Recursive Algorithm

Now that we’ve looked at what an algorithm is, we can go a bit deeper and take on one of the most common section of algorithms: Recursion

Recursive algorithms are actually quite easy to understand and we often use it intuitively in our daily life. Recursion only means, that a function calls itself. To illustrate things, we’ll be taking the calculation of the Fibbonaci numbers as an example. The following image shows the first few numbers and a mathematical definition:

So as you see the function f has one initial values for n = 0 and n = 1. For every other n, we call the function f recursively.
Since we as programmers are not that interested in the mathematical terms, here goes a very easy and straight forward implementation:

unsigned int f(unsigned int n) {
     if(n == 0 || n == 1)
         return 1;
     else
         return f(n-1)+f(n-2);
}

As you see it nearly matches the mathematical definition after all. If we now were to test this function, we’d soon notice how long it takes to figure out for example n = 50. So how do we make it faster? To answer that question, we’ll first have to take a look at why the algorithm is so slow and for that we need to take a closer look at how applications work in general.

Every application gets a memory area with fixed size, aka as stack, on which it does all its local operations. For every recursion we’re making, all the currently active variables, states, etc. have to be saved onto the stack and only then the “content” for the new function will be loaded. Doing this a few thousand times will crush your performance and can essentially even lead to stack overflows, which means your application will crash.

One way to fix this, is to trade some memory for performance. The main problem of the recursive algorithm is, that it will calculate the same number over and over again. You’ll end up with a tree which is built with the same sub-trees all over again:

With the acquired knowledge we can turn the whole algorithm around and instead of starting at the top, we start at the bottom, save every result in between and then apply the formula for n+1. Now we can immediately look up what the result for any n-i is, we only had to calculate it once and we don’t need to recursively call the function.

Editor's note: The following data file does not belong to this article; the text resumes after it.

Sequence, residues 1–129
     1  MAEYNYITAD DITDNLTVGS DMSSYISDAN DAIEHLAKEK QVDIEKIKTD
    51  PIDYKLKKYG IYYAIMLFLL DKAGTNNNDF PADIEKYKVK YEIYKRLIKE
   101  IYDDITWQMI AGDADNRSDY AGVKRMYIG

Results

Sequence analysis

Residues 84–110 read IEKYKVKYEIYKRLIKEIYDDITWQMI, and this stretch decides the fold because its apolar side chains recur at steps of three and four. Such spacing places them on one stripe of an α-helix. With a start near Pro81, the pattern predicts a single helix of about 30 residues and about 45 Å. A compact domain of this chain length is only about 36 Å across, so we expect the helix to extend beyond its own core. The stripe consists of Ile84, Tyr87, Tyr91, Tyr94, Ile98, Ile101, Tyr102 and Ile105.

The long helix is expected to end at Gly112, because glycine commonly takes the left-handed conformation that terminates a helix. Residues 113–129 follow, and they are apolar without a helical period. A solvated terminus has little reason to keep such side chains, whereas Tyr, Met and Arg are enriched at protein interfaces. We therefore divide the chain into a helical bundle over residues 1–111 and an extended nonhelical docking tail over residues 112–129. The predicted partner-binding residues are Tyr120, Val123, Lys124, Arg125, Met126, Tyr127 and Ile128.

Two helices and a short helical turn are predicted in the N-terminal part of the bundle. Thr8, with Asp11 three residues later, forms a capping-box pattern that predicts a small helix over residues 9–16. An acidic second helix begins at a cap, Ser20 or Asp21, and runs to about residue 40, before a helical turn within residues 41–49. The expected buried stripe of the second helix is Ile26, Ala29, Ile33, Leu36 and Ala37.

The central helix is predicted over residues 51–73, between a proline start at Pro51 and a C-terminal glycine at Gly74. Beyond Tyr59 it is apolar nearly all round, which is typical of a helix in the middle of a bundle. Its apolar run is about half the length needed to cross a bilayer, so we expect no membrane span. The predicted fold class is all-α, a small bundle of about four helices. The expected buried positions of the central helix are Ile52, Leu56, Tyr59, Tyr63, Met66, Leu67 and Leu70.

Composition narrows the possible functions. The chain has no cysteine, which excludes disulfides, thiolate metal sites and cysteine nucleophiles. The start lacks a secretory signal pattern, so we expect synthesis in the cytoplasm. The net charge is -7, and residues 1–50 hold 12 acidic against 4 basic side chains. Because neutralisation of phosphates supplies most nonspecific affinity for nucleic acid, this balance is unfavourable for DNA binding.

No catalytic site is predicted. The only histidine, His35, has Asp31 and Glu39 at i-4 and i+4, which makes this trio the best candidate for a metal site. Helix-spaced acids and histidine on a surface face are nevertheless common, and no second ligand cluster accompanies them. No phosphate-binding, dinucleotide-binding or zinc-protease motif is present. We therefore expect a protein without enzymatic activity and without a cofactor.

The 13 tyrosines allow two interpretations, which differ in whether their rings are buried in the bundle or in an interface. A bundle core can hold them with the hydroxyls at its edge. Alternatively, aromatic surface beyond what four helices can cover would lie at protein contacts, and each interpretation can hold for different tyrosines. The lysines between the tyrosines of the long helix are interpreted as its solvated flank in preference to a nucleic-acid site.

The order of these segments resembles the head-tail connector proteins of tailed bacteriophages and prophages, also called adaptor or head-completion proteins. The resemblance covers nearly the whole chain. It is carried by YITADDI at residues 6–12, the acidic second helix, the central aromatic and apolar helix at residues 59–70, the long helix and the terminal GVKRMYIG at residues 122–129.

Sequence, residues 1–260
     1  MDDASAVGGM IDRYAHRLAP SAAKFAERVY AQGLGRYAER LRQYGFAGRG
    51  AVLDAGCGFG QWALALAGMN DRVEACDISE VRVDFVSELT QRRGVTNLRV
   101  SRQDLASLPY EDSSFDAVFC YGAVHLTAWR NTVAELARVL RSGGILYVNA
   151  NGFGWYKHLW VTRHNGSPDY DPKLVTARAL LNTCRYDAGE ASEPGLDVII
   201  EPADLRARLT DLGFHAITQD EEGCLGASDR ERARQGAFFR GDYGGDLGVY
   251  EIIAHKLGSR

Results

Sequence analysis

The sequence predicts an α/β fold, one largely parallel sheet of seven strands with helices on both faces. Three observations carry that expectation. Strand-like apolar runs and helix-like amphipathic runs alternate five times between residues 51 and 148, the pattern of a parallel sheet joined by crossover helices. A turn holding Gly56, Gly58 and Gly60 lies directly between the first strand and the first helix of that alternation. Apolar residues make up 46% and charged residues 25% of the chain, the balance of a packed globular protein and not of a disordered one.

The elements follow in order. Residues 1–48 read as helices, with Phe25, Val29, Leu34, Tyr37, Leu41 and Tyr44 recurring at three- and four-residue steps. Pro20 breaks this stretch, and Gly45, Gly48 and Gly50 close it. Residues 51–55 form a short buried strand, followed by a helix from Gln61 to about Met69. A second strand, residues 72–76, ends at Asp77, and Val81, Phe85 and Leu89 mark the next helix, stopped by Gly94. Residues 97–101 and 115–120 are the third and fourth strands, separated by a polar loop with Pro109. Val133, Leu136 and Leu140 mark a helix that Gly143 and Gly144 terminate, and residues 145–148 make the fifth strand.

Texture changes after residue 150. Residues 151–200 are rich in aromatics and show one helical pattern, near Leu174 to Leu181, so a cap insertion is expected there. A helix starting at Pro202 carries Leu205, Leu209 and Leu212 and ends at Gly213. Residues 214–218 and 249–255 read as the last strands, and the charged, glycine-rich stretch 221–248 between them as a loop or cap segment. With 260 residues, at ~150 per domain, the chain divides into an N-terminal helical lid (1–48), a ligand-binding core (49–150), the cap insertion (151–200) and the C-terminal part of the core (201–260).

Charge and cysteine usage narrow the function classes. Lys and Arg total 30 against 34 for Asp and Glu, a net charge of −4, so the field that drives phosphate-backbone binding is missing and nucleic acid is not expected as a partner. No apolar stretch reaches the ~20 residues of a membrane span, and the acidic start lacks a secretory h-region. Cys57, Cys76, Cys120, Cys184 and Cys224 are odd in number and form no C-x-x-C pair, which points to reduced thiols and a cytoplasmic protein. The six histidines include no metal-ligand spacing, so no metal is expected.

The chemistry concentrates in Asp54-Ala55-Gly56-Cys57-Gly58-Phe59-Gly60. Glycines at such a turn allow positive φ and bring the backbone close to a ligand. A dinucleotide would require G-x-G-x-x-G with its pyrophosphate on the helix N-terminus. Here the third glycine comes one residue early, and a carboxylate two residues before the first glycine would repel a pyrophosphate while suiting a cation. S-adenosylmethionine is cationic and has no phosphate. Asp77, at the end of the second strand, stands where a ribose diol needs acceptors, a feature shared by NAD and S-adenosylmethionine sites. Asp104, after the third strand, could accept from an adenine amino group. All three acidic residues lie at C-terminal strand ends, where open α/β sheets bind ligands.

#include <vector>
unsigned int f(unsigned int n) {
     std::vector<unsigned int> mem(n+1, 0);
     mem[0] = 1;
     mem[1] = 1;
     for(unsigned int i = 2; i < n+1; ++i)
         mem[i] = mem[i-1] + mem[i-2];
     return mem[n];
 }

You can obviously also use an array if you’d like, but I prefer to use modern containers, which should also assert for out of bound mistakes. The pre-allocation of the vector will give us a bit a better performance due to the fact that, vector won’t have to resize itself while inserting new numbers, but in comparison to the recursive algorithm this won’t be noticeable anyways.

Although this might seem to have worked just for this specific case, the used principles can be applied to quite a few recursive algorithms and is called memoization (no it’s not memorization). Here are the steps again:

  1. Find the recursive formula.
  2. Implement a straight forward algorithm.
  3. Bottom-Up the algorithm and ‘memo(r)ize’ all the steps.

Keep in mind though, that this method is just one way to optimize algorithms and that it might work for other problems, but not be the best way to do it.

I hope my article wasn’t too unstructured and confusing, but gave you some insight or refreshment on that topic.
A complete example with benchmarking can be found on GitHub.

What are Algorithms?

Although I guess most of you know exactly what an algorithm is, I felt anyways that I needed to give a small definition, before I’ll be able to cover specific (types) of algorithms.

When dealing with problems in computer science one generally looks at the ‘theory’ behind solving the problem and the actual implementation separately. Thus an algorithm can informally be defined as the way/idea on how to solve a certain problem, but it often won’t contain an actual implementation to keep a very general layer.

A formal definition of what an algorithm is, can be quite philosophical and complex and is only needed, if you for example have to prove that there doesn’t exist an algorithm for a given problem. Anyways I won’t be going any deeper on that topic and I often won’t stay very general and will give C++ implementations to most of the algorithms.

The course at the university is in fact called “Algorithm and Datastructures”, thus you can imagine that I’ll be also looking at different datastructures. In essence are datastructures also algorithm; they solve the problem of efficiently storing and retrieving data and make use of various other algorithms for their implementation (i.e. a heap sorts its node in a certain way, as describe by an algorithm).

All in all not a very interesting or in-depth article, but it seemed important anyways. Of course if you’re all about knowledge go read the Wikipedia article and start click your way from there into the wildness of the internet.

Stay tuned for further updates! :-)